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Customer Reviews

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Most helpful customer reviews
1 of 1 people found the following review helpful
5.0 out of 5 stars Amazing Pop-up book Nov. 12 2011
By HeeJ
Format:Hardcover
I saw this book at my nephews house and purchased One for my 2.5 year old daughter then, and two more later on. One for myself and one for gift for my other nephew who loves dinosaurs. Perfect gift for any children love dinosaurs. Kids just love it. Although I think appropriate age is 3 and up, since the little fingers could be a bit too rough on some delicate pop-ups.
Opening the pages make the big pop-ups come alive and the little pages on the sides have smaller pop-ups with more information as well. The pop up artwork is beautiful and the contents are very interesting for young minds and adults all the same. Highly recommended.
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5.0 out of 5 stars Great production June 21 2014
Format:Hardcover|Verified Purchase
From previous excellent experience with Ita books
Excellent for kids 6 and up to 94 (My age)
Hope to see more new pop-up books
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5.0 out of 5 stars All I can say is WOW Nov. 4 2013
Format:Hardcover|Verified Purchase
Robert Sabuda is one of the greats when it comes to pop up books.
Each page is an adventure all in itself.
The pop ups come alive on each page. One of my favorite books
Would recommend for children and adults of all ages.
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2 of 2 people found the following review helpful
5.0 out of 5 stars Sabuda is a pop-up master June 9 2006
By gim
Format:Hardcover
Sabuda's Pop-up books are a constantly source of amazement for me and my kids. I am full of admiration for the skill and intricate detail that goes into creating these masterpieces. But it's not only the pop-up art that I like about Encyclopedia Prehistorica. I think it is also a great idea to educate our "little darlings" in this charming and humorous way. As birthday gifts for my other two kids I have also bought Sabuda's "Alice in Wonderland" and first two books from Nowiki's series "Why Some Cats are Rascals" - charming, educational stories with a lot of information from the world of felines and more.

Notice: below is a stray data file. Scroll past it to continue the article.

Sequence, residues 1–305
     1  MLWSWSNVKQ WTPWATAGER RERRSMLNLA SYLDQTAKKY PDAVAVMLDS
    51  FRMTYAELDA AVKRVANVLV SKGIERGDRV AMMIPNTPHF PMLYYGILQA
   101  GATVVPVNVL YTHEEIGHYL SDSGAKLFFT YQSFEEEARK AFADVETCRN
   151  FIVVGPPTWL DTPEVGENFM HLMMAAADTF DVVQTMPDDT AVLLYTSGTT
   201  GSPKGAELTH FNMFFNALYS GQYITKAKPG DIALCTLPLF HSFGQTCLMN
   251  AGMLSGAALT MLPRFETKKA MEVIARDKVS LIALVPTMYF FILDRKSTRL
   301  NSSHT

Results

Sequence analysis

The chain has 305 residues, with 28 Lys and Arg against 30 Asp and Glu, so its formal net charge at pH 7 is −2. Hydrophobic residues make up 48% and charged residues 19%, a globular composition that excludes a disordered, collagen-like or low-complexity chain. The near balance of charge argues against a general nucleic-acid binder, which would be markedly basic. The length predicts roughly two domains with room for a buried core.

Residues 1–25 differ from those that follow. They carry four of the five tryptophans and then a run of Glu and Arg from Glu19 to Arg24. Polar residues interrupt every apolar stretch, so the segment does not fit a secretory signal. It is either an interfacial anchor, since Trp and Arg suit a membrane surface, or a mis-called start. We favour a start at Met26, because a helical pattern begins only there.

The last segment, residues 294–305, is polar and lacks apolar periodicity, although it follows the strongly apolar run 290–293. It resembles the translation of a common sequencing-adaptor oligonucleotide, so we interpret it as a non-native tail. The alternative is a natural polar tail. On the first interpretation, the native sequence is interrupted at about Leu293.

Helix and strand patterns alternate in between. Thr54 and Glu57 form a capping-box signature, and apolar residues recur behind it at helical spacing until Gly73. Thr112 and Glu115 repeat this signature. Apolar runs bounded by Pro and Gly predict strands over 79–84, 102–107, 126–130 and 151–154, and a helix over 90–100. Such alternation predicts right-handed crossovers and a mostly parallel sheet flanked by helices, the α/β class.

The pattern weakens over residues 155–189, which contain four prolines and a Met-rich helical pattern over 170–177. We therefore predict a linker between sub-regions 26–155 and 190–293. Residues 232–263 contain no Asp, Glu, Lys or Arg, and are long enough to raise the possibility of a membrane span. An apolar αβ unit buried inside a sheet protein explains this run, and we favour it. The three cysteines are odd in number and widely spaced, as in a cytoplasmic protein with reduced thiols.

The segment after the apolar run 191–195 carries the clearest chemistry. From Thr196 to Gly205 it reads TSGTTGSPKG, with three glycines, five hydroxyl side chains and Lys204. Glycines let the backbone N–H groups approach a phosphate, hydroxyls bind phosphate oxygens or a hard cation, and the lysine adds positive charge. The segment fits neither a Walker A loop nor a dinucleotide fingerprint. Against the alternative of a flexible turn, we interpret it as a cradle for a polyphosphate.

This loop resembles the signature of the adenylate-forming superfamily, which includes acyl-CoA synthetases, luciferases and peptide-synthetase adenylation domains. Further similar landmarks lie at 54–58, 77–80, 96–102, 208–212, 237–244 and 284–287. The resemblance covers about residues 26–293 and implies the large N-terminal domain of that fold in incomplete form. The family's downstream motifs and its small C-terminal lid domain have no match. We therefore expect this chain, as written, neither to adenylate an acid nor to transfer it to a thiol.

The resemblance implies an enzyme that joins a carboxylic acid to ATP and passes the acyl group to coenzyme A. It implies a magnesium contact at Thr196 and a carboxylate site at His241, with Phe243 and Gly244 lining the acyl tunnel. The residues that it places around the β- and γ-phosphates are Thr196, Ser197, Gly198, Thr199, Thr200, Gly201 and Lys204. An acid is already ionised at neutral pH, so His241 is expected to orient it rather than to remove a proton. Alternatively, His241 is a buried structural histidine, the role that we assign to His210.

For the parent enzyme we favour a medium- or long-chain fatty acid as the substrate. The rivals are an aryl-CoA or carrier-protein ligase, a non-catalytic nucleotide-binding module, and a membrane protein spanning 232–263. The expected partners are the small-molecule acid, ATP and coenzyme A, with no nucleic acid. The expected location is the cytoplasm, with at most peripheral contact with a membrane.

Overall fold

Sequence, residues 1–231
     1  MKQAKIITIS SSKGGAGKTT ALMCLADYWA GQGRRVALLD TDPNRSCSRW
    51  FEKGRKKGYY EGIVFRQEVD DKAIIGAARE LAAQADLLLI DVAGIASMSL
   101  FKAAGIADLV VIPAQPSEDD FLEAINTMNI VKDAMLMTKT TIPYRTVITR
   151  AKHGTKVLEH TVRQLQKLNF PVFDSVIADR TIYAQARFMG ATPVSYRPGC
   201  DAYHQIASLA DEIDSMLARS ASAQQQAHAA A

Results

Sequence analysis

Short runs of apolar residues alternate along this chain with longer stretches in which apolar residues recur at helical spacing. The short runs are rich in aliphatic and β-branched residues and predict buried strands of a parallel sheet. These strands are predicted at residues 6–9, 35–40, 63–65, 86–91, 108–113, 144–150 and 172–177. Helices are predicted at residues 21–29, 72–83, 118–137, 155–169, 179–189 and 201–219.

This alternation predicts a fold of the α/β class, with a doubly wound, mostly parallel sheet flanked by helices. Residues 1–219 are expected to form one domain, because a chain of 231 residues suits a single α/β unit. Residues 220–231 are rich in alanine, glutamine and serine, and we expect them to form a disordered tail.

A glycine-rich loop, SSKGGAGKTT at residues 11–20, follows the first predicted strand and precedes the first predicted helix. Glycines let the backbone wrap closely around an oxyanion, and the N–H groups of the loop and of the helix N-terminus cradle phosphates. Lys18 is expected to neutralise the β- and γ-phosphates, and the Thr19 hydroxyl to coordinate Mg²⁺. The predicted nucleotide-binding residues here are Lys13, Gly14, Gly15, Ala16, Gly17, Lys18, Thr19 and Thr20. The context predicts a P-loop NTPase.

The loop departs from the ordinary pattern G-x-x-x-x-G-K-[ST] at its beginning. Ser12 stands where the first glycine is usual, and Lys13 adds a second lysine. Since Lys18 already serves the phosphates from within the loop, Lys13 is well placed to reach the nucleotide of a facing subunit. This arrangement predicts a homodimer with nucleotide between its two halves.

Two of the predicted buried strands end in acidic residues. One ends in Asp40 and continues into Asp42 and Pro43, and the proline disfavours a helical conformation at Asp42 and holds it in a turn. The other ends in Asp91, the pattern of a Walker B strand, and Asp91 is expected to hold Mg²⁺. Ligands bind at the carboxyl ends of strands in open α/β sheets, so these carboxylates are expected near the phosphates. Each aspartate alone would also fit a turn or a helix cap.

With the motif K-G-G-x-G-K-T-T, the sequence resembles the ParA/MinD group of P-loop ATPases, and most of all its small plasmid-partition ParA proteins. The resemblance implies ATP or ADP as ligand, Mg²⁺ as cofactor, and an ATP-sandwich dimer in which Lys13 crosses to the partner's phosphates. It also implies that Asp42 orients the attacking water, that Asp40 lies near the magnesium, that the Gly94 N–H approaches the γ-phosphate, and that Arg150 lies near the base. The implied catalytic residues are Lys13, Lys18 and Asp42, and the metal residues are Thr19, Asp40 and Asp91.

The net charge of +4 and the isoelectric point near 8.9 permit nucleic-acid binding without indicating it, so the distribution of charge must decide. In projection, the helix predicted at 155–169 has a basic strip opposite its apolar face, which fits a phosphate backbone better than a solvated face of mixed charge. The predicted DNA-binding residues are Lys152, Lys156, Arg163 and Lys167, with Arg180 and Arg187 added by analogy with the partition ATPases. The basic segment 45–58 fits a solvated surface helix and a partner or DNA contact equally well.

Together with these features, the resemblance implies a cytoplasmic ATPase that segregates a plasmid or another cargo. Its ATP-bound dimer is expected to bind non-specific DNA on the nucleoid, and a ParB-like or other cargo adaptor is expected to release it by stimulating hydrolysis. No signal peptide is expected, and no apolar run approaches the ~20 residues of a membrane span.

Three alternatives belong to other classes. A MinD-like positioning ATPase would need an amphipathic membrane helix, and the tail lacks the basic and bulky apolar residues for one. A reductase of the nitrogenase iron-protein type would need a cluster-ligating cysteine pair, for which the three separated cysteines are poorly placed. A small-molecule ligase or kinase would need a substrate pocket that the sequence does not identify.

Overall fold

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Most Helpful Customer Reviews on Amazon.com (beta)
Amazon.com: 4.9 out of 5 stars  274 reviews
99 of 103 people found the following review helpful
5.0 out of 5 stars A dinotopia Nov. 29 2005
By E. R. Bird - Published on Amazon.com
Format:Hardcover
Back in 1994, before Robert Sabuda had fully gotten into the flow of pop-up picture book art, he created some early pop-ups with names like, "The Mummy's Tomb" and "The Knight's Castle". Even with these fledgling efforts, Sabuda impressed himself on the critics. Said Publisher's Weekly of Sabuda's 1994 titles, "It's rare to find a pop-up book in which the paper-engineering is the servant, not the master, of the art". Fast-forward to 2005 and here we have Mr. Sabuda creating more pitch-perfect pop-up wonders than anyone else in America. Candlewick Press must be hugging itself with glee to have wrested Sabuda from the claims of other publishers. I've avoided reviewing Sabuda pop-up books until this moment for the simple reason that it is very hard to be subjective in the face of his work. On a first reading of "Encyclopedia Prehistorica: Dinosaurs" (which is only the first in the "Encyclopedia Prehistorica" series) I kept trying to assess the factual content of the book alongside the quality of the illustrations. Instead, I'd turn a page and find myself yelling to my husband, "Honey, look! The dinosaur's pulling the guts out of this brontosaurus!!! Come watch!". And he would and I'd try to read some other passage in the book and then yell, "Honey, look! You can make the two little men fight over the dinosaur bones with this one!!! Come watch!". And he would and this would go on for about 40 minutes. Very few picture books have the ability to be precisely as cool to their adult consumers as to the children who are the supposed audience. Sabuda's books are the exception to the rule and this dinosaur book is gonna knock the little suckers dead.